In 2019 Gucci dropped their first high-jewellery collection, Hortus Deliciarum (meaning Garden of Delights), named after the infamous 12th-century manuscript. Now in 2022, the brand is dropping its third iteration of the gleaming collection with a myriad of inspirations from Enlightenment to modernity.
Creative Director Alessandro Michele’s jewellery collection consists of maximalist necklaces, bracelets, and earrings divided into five chapters serving as an allegory of dreams, experiences, and stories. Meant to evoke the worldly “grand tour” of jewellery from the mid-19th century up until the seventies. Michele worked with micro mosaics between 1850 and 1870 to reference the actual 19th-century grand tour right of passage for young European men of means.
Merging diverse cultures and rarities, the collection brings together the past and the present of the Gucci canon with Italian craftsmanship woven through strands of colourful topaz, emerald, aquamarine, rubellite, spinel, morganite, and amethyst. Certified by the Responsible Jewellery Council (RJC), Gucci’s sourcing of gold, platinum, and diamonds in this dazzling collection promotes ethical and responsible social and environmental practices. In line with its commitment to finding innovative solutions to responsibly trace where it acquires gold, Gucci parent company Kering’s gold fund has contributed to reforestation efforts in the Amazon and is dedicated to the empowerment of women who live near gold mines in Ghana.
RELATED: High Fashion Watches Take on Haute Horology
Rome serves as the collection’s starting point and inspires its miniatures depicting Roman landscapes. Known for his storytelling, Michele’s collection evokes the curious world traveller. These “souvenirs in the form of jewellery” contain memories influenced by mythical continents and fantastical themes.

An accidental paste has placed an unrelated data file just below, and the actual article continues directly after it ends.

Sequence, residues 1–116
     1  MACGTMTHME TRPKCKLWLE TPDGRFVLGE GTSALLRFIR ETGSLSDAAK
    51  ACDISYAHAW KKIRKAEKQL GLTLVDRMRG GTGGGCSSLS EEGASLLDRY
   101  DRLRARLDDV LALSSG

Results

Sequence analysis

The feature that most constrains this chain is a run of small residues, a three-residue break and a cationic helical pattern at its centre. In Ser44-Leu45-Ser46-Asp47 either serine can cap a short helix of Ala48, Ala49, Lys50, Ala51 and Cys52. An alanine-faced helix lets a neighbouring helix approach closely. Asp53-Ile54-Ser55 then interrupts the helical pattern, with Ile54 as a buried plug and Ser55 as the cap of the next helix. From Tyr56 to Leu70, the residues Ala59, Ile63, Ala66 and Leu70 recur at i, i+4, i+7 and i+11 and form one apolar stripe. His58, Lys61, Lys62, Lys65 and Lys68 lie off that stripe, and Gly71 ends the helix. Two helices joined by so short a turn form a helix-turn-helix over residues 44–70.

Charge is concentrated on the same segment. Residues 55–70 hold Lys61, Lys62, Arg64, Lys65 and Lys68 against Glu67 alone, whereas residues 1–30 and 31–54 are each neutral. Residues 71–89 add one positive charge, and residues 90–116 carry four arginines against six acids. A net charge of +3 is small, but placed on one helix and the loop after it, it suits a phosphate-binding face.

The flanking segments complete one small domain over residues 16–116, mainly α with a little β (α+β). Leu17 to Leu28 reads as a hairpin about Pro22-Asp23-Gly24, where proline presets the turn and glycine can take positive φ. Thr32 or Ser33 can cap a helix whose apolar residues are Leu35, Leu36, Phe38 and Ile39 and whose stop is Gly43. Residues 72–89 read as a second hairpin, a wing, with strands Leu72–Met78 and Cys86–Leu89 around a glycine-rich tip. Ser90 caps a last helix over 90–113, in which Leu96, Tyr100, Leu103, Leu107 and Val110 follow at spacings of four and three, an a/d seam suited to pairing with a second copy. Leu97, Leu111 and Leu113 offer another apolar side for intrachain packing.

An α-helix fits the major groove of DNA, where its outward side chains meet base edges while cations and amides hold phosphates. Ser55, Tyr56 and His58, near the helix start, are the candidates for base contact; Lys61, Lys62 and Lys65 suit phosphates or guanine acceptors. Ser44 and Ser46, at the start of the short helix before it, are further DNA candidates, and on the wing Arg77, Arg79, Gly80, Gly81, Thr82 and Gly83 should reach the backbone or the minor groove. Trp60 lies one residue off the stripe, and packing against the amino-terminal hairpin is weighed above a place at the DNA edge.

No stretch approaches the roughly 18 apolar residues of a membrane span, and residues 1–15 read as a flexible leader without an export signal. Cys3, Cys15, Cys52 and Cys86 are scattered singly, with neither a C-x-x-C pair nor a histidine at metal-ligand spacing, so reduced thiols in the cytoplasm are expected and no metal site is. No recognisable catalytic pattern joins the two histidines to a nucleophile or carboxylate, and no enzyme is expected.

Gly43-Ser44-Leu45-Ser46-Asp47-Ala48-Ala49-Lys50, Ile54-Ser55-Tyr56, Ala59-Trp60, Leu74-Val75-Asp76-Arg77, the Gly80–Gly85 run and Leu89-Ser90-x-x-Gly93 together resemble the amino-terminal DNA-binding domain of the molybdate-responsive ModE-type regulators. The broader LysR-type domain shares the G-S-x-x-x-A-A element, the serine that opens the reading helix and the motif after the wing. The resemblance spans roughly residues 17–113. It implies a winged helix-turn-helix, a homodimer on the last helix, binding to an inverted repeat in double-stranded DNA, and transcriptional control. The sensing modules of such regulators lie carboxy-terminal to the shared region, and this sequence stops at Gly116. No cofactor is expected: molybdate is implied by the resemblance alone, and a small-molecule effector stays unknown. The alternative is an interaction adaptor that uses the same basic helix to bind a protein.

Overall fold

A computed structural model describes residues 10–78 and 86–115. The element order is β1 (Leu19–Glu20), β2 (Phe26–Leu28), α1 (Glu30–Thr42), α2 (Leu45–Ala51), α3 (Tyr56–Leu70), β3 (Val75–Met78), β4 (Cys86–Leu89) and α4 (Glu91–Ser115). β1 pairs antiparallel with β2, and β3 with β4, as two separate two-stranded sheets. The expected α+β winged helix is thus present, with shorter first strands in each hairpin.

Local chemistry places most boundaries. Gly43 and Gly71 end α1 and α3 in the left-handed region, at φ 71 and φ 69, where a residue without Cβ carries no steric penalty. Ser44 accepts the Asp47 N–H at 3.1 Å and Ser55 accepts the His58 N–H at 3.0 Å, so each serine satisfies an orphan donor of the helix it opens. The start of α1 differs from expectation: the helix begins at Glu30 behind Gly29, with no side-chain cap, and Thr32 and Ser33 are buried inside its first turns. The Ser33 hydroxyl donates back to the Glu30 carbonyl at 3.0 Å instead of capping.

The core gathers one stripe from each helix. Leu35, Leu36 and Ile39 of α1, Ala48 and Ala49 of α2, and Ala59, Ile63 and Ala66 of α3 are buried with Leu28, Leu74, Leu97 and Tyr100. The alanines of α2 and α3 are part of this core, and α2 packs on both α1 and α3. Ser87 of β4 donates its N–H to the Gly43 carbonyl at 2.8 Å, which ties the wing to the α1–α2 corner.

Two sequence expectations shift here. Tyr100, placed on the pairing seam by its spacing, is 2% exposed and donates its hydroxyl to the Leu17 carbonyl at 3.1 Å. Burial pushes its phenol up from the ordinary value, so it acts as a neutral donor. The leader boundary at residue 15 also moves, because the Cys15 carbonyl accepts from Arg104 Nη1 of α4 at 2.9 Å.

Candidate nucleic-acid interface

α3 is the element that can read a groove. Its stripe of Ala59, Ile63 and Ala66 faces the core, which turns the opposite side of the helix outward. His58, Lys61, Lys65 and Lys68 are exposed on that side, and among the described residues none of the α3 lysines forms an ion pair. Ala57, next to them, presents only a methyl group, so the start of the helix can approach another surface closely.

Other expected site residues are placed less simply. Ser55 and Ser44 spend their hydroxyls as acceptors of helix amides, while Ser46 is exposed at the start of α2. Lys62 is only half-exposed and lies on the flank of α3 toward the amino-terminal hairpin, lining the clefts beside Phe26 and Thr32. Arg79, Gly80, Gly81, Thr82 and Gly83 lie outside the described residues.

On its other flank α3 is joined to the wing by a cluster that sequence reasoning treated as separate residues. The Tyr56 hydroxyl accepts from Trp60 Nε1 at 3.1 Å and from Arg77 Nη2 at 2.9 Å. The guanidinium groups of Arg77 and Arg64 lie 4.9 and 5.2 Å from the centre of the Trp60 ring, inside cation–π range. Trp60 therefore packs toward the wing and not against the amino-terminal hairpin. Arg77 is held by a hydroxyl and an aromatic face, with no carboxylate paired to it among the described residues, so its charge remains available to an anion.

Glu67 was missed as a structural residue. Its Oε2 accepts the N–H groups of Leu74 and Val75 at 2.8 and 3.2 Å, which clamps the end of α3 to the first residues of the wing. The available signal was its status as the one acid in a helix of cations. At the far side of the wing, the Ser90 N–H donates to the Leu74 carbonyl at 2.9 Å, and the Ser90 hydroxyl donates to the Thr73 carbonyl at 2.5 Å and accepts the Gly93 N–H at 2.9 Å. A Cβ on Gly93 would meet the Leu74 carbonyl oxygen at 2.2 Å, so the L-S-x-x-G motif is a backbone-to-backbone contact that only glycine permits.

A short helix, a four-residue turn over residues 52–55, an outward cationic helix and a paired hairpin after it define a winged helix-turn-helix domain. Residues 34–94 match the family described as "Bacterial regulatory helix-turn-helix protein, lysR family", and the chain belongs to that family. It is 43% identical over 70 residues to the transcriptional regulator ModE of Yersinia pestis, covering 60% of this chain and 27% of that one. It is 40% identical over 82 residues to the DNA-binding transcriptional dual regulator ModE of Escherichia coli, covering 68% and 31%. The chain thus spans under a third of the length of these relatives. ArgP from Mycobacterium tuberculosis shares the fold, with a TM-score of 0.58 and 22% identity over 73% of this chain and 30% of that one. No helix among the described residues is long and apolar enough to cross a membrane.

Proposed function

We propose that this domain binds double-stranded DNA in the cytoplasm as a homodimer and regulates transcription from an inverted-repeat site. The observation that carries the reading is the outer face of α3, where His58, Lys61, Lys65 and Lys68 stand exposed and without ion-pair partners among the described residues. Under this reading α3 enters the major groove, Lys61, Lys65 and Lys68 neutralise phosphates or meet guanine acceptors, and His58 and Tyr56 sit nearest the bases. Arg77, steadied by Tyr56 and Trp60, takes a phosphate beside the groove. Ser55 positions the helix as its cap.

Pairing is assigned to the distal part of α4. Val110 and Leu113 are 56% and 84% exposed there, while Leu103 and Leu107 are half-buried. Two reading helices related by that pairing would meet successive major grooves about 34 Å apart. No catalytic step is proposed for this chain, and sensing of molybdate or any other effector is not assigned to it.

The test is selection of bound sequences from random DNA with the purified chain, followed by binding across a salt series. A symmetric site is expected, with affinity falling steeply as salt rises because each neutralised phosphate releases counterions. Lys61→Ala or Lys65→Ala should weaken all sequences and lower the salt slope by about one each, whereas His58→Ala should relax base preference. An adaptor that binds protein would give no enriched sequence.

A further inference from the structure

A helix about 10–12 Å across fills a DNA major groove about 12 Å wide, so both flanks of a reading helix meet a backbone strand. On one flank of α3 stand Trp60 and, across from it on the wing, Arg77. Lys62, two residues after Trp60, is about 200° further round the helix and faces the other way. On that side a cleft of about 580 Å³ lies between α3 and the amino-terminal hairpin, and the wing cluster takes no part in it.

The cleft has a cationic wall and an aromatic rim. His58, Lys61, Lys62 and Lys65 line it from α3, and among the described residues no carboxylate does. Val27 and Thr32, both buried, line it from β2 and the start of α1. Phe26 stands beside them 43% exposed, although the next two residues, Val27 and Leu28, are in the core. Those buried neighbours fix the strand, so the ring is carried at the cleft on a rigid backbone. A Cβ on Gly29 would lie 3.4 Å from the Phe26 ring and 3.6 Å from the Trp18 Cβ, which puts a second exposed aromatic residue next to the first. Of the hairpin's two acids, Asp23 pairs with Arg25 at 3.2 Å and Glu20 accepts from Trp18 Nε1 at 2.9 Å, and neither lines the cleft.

The second theme of kaleidoscopic beauty informs the collection’s inspirations from the west to as far as Maharajah India. Inspired by royal palaces and lush gardens, the theme introduces you to the “red stones of light,” also known as rubellite, imperial topaz, yellow beryl, tourmaline and garnet. Pear and heart cut stones, woven strands of gold, diamonds and enamel, the collection shapes evoke the rosettes of European cathedrals.
Known as one of the most magical gifts that Caesar gave to Cleopatra, the pearl symbolises the collection’s third theme and influence from Greek mythology. A symbol of femininity and mystique, the collection’s white, green, and black pearls represent the intersection of Australia, Polynesia, and Indonesia combining eastern and western traditions. The pearls are combined to create sautoirs for earrings and brooches.
The fourth theme evokes the new world’s modernism of the 30s and 40s, complete with geometric shapes in asymmetrical, flexible modules with meticulous detail and grandiose dramatic baguette-cut diamonds.
The theme finale of Hortus Deliciarum wraps with the 1970s; pop culture, individualism, free expression, and a curious attitude to remote, mystical worlds. The pieces from this theme are meant to protect ideas, visions, and stories. Psychedelic colours for necklaces of white gold chains, diamonds holding real talismans in hexagonal emerald and aquamarine set in green enamel. The yellow-gold pendant inspired by the 1969 ‘Savana’ foulard Vittorio Accornero De Testa designed for Gucci connects the journey where Michele’s allegory began; the magnetic enchantment of a world you can wear.